By Rev. William Lamar IV, Columnist
Preachers do not step into the pulpit just because another Sunday morning has rolled around. We don’t preach just for the sake of preaching. For some of us, especially black pastors in the United States, preaching is an opportunity every week to invite human beings to participate in the in-breaking reign of God.
The idea that such in-breaking is even possible is not a feel-good, idealistic notion. It is the ground upon which black preachers have built and sustained their abiding belief that God’s justice, freedom, and peace can exist on earth. As a result of this commitment—some might call it idealism—balck preachers have long worked to repair the dilapidated structures at the intersection of American theology and politics.
In the wake of the recent presidential election, the deterioration and decay at that intersection is more visible than ever. What now is the role of black preaching in this new age, in this new America of soon-to-be President Donald Trump?
For generations, black pastors from the Rev. Dr. Martin Luther King Jr. to the Rev. Dr. Jeremiah Wright have warned that America’s house is on fire with injustice and oppression. Do we follow King’s call and be America’s firefighters, helping extinguish the fire and save the house? Or, given the election results, is it time to abandon the house—both America and its Christianity—and condemn it as unsalvageable?
Most black pastors and their congregations live with these tensions in one way or another. They know that Christianity—even American Christianity—is neither inherently white nor incompatible with black life in America. However, as they work to see and bring about the in-breaking reign of God, many—if not most—fall somewhere in the middle. They are not willing to live in a house aflame with oppression and injustice but neither are they willing to abandon the American project and the Christianity that underwrites it.
How fertile is that middle ground? Is it even safe? In the current context of Christianity in America, how can one possibly preach in such a way that a congregation can not only envision the reign of God but also find it irresistible? Can the preached word really help dismantle and ultimately defeat the powers arrayed against that reign? How can pastors even talk of political and theological freedom in a time of such racial strife and tension?
For some insight, we would do well to consider the theology of Richard Allen, the founder of the African Methodist Episcopal Church. For Allen, who lived for years in slavery before buying his own freedom, Christian conversion was not an end in itself. After becoming a Christian, he studied theology and began thinking and reflecting theologically, eventually asking himself, “What does being Christian and my understanding of that theology mean for the condition of my body and the bodies of my fellows?”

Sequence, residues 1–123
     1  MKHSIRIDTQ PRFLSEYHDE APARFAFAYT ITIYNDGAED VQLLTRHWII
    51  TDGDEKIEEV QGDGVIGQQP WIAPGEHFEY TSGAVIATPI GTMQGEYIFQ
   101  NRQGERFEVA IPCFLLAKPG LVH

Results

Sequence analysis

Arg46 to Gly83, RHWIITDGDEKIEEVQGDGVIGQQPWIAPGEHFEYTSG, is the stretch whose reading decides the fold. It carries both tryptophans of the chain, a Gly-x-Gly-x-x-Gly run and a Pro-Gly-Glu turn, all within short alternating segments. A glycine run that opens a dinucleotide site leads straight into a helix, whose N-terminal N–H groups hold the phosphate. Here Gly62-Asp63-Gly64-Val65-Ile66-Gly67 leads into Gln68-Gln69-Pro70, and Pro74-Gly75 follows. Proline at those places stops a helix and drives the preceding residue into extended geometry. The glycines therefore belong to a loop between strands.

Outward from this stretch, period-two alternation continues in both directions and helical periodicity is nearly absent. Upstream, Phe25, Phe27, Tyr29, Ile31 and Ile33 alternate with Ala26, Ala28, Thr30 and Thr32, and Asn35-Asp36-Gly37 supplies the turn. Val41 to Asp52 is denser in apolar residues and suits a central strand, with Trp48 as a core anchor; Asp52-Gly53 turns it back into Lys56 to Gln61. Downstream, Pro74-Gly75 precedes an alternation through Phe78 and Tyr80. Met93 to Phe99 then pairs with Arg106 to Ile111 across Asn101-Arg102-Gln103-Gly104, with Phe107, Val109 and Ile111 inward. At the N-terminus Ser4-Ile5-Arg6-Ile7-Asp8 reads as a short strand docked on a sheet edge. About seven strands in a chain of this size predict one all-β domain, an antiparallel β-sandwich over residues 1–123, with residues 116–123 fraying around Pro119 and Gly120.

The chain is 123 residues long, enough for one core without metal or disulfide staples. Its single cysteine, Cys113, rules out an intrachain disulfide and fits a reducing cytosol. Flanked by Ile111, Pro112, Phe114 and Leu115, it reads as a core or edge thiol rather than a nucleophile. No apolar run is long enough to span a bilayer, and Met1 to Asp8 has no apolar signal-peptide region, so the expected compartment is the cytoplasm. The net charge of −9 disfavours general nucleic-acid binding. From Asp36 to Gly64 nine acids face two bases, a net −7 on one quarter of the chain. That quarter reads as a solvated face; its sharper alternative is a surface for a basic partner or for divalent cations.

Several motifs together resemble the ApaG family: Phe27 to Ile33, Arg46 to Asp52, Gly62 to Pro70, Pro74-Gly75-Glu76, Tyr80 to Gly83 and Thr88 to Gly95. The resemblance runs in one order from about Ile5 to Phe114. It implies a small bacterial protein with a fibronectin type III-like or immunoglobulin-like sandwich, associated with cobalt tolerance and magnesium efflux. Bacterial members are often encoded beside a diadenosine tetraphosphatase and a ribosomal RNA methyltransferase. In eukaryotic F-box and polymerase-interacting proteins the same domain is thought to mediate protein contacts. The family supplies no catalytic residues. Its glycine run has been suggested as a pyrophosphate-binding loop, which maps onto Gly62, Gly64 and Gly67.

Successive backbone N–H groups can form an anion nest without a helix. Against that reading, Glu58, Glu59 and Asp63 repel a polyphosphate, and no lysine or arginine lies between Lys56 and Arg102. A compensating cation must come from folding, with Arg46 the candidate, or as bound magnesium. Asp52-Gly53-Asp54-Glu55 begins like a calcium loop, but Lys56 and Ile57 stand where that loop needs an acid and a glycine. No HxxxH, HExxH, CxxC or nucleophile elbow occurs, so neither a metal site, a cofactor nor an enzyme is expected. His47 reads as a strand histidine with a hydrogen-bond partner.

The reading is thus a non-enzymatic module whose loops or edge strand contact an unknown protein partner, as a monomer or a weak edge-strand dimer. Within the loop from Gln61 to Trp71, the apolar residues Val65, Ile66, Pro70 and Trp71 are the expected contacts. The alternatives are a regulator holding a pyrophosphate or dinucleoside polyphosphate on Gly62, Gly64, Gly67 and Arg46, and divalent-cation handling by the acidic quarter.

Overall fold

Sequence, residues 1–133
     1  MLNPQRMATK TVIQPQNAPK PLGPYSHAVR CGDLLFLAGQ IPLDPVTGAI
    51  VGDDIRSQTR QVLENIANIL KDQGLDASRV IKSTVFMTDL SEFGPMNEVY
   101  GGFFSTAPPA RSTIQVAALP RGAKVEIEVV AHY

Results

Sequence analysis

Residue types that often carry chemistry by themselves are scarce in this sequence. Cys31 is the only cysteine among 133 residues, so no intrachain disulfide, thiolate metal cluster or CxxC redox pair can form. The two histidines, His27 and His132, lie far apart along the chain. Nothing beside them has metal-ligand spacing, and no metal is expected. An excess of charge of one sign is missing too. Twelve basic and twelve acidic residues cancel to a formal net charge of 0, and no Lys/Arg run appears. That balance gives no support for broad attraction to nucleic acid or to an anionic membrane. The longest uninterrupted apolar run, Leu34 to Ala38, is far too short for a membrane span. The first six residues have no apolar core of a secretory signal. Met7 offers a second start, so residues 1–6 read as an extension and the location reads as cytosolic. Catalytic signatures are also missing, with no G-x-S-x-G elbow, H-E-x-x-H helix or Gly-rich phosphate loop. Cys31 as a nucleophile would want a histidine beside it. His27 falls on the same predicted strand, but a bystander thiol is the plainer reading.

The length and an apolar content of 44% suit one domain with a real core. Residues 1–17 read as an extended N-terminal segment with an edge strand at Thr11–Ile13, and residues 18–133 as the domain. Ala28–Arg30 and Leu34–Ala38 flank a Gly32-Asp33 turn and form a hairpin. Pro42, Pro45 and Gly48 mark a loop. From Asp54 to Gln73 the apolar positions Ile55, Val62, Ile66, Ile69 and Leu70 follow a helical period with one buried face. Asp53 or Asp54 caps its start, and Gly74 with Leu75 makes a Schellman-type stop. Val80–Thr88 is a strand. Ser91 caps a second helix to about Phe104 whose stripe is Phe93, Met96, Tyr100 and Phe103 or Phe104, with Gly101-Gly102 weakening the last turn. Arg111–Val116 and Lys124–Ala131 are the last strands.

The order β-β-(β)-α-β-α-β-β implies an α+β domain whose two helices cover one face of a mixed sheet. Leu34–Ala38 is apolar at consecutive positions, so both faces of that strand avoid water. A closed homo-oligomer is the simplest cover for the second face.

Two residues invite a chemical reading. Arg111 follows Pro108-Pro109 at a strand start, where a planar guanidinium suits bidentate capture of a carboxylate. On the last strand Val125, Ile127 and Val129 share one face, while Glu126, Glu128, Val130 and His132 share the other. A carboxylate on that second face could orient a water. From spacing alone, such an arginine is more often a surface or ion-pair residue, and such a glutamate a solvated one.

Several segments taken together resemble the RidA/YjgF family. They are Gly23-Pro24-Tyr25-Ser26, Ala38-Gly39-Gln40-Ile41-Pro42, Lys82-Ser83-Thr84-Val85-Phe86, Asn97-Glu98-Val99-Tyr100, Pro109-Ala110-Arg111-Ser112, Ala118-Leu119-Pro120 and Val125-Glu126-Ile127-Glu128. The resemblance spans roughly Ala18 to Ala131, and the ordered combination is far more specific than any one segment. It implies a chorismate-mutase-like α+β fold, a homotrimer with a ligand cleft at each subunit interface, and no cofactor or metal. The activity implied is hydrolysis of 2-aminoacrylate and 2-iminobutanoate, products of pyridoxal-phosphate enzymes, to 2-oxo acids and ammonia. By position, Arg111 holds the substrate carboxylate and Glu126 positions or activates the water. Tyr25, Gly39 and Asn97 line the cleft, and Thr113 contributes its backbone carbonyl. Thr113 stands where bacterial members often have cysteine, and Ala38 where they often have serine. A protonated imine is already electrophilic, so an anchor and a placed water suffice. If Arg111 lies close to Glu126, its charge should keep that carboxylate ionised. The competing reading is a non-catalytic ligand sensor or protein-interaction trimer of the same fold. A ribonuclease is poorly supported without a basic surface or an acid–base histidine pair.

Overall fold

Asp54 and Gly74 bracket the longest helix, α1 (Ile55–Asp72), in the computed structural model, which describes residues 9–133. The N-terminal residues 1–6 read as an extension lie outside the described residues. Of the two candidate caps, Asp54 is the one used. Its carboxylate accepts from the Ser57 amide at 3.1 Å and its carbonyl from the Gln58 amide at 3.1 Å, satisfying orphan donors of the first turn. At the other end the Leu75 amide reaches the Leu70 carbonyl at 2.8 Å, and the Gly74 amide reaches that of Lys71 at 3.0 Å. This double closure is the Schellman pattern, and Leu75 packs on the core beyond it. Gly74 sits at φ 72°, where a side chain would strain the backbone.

As he pondered that question, I believe Allen worked in the best tradition of Trinitarian theology. God, he realized, is radically free and sovereign within God’s Triune life. The Father does not control or subvert the Son. The Son does not control or subvert the Spirit. The Triune God exists in self-disclosing, other-affirming love. If all that is so, then human communities are to model the life of God. They are not to be controlled or subverted by other human communities. People must be free to live in community with one another even as God lives in community with Godself—absent coercion, control, and subversion.
Allen’s theological reflection led him to preach and act squarely within the American narrative, while at the same time pushing that racialized narrative to something new, something that could not be called “American” at all. In his preaching and advocacy, he promoted something both unlawful and unimaginable to the powers that ruled America: that Africans in America, both enslaved and free, were not mere observers or bystanders but “citizens” with the power to make things happen in the land where they found themselves.
Allen clearly used American language and symbolism in his preaching and public rhetoric. He also, however, used African-American language and symbolism to demand liberation for his fellows and insist on the reign of God in this life, not another. Working with God as co-creator, he moved beyond speech to acts and beyond rhetoric to building.
(Part 2 of this essay will appear in the next issue. This article originally appeared in Faith and Leadership https://www.faithandleadership.com/william-h-lamar-iv-black-preaching-after-election.)
The Reverend William Lamar IV is the pastor of Metropolitan AME Church in Washington, DC. He has previously served at churches in Maryland and Florida. He is a former managing director at Leadership Education at Duke Divinity. Lamar is a graduate of Florida Agricultural and Mechanical University and Duke Divinity School.